Further, many of those who were invited to speak simply stayed for the rest of conference where we were encouraged to question freely. It is very awkward to ask a tough question about Boyken International and then later realize people were coming and going freely and that Don Boyken was one of them and was probably privy to such questions. I personally feel betrayed by the Mayor of Dunwoody and the statement he made at the beginning of the meeting and what he allowed to go on in a very formal setting of the Dunwoody City Council, with the press specifically excluded.
This huge gaff and distraction is the most serious issue that led to the suspension of my campaign for Mayor of Brookhaven. But to be clear it is not the only reason and alone would not have led to this decision had it not been for the mounting challenge of the other nine reasons.
Back to my discussion of the time table and Brookhaven. The problem that cities have encountered in my opinion is that because of the unfortunately truncated timeline, the previous cities have not had much choice or bargaining power on items 1 and 2 and 3 (from several paragraphs above) during initial startup and as such by the time they get to visioning a more sustainable and livable future they are as encumbered by existing infrastructure as most existing cities. This in fact goes to defeat the whole benefit of “starting fresh” as a new city. So if we elect a mayor and city council who do not have a clear sustainable vision for the future of Brookhaven, and they do not look for this in the city manager they hire or require this capability in the contractors they pick, it simply will not happen in the next 5 or 10 years, except in much smaller increments and in limited ways. The beauty of starting a new city is that you can start with a fresh vision, fresh city manager, fresh contractors. The pitfall is if you start wrong it is incredibly difficult to change at a later date. Structure and politics become institutionalized and are very difficult to change. What we are in government structure on Jan. 1, 2013, is what will define what Brookhaven can be for the next decade. These are big decisions, being made in a frantic hurry, without a lot of the right questions being asked.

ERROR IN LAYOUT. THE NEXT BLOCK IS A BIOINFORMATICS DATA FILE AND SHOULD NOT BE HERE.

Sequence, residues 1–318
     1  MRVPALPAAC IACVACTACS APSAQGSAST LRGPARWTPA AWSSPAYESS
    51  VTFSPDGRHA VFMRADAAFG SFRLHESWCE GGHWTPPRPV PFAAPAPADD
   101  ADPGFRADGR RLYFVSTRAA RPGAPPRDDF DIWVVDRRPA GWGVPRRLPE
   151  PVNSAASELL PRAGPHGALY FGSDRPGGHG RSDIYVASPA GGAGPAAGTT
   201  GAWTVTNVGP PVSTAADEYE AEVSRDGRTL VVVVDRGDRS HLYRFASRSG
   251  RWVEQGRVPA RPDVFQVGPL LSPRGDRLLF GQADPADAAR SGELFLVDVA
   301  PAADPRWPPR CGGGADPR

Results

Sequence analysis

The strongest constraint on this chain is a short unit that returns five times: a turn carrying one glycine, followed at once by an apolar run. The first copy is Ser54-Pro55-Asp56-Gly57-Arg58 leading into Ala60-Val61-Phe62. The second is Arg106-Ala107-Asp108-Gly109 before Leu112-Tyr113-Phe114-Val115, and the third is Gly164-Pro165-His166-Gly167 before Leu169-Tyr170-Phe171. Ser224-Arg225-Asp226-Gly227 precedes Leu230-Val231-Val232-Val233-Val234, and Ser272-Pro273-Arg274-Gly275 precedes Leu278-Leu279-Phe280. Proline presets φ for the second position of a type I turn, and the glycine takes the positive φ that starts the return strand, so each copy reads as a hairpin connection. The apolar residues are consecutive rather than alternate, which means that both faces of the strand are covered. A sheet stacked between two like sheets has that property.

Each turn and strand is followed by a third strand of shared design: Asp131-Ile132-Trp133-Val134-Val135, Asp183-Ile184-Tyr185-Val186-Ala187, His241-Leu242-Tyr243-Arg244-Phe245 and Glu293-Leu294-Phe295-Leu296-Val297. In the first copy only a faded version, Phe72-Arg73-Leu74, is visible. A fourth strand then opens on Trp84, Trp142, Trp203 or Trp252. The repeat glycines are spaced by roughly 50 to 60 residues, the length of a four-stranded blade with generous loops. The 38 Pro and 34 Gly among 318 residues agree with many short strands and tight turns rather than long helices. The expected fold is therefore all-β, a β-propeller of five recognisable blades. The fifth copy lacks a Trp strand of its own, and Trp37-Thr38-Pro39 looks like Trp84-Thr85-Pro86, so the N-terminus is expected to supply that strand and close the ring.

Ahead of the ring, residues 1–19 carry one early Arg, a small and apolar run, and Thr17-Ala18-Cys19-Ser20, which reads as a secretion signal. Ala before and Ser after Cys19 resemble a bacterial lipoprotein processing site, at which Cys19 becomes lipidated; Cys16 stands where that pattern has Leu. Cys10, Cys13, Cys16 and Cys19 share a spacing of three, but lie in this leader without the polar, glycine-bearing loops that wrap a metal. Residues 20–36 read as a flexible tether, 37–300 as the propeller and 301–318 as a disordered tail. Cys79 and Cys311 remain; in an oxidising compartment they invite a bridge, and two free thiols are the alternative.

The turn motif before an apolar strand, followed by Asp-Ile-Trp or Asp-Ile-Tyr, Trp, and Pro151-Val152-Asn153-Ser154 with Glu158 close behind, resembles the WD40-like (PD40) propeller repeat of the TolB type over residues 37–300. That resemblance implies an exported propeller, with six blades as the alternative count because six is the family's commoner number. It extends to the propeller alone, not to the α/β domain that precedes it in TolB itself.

Second, the political power team that wrote the act decided the Governors Commission would be held accountable to the Georgia Open Meetings Act. While normally this would be a great idea, since we are on such a terribly short time schedule, it basically disables the ability to meet quickly and work hard. Weeks have been lost of valuable time to do the work described above because those who know these issues could not gather until they went through the formalities required by open meeting rules. Further all candidates are excluded from these discussions even if they might have very valuable knowledge and information. The deadlines to submit RFPs in time for them to legally be ready for the newly elected mayor and council and for them to accept them ASAP so contractors can ramp up city operations is just too close to foster much besides taking over DeKalb County services pretty much the way it has been done. We can and will do it, but it does remove time for detailed thought and creativity.
I am actually thrilled with the open nature of the Governor’s Commission and the way they are handling this structure, they simply need six months to work under this legal requirement to accomplish the work I think we would like to see done. Instead, because of the extremely short time table handed to them by our state legislators, they will have to go with the simplest process possible that can be done professionally. We simply will not have time to think about how we as our own city would want to do things differently than the six cities that came before us. We cannot consider that we are the first city totally inside the perimeter with a DNA that is much less suburban than the previous cities, a city that in its southeast corner can connect with the Beltline trail-and-rail system and that planning for such a city with true urban potential is much different than cities that are more or less locked into their very car-centric suburban nature.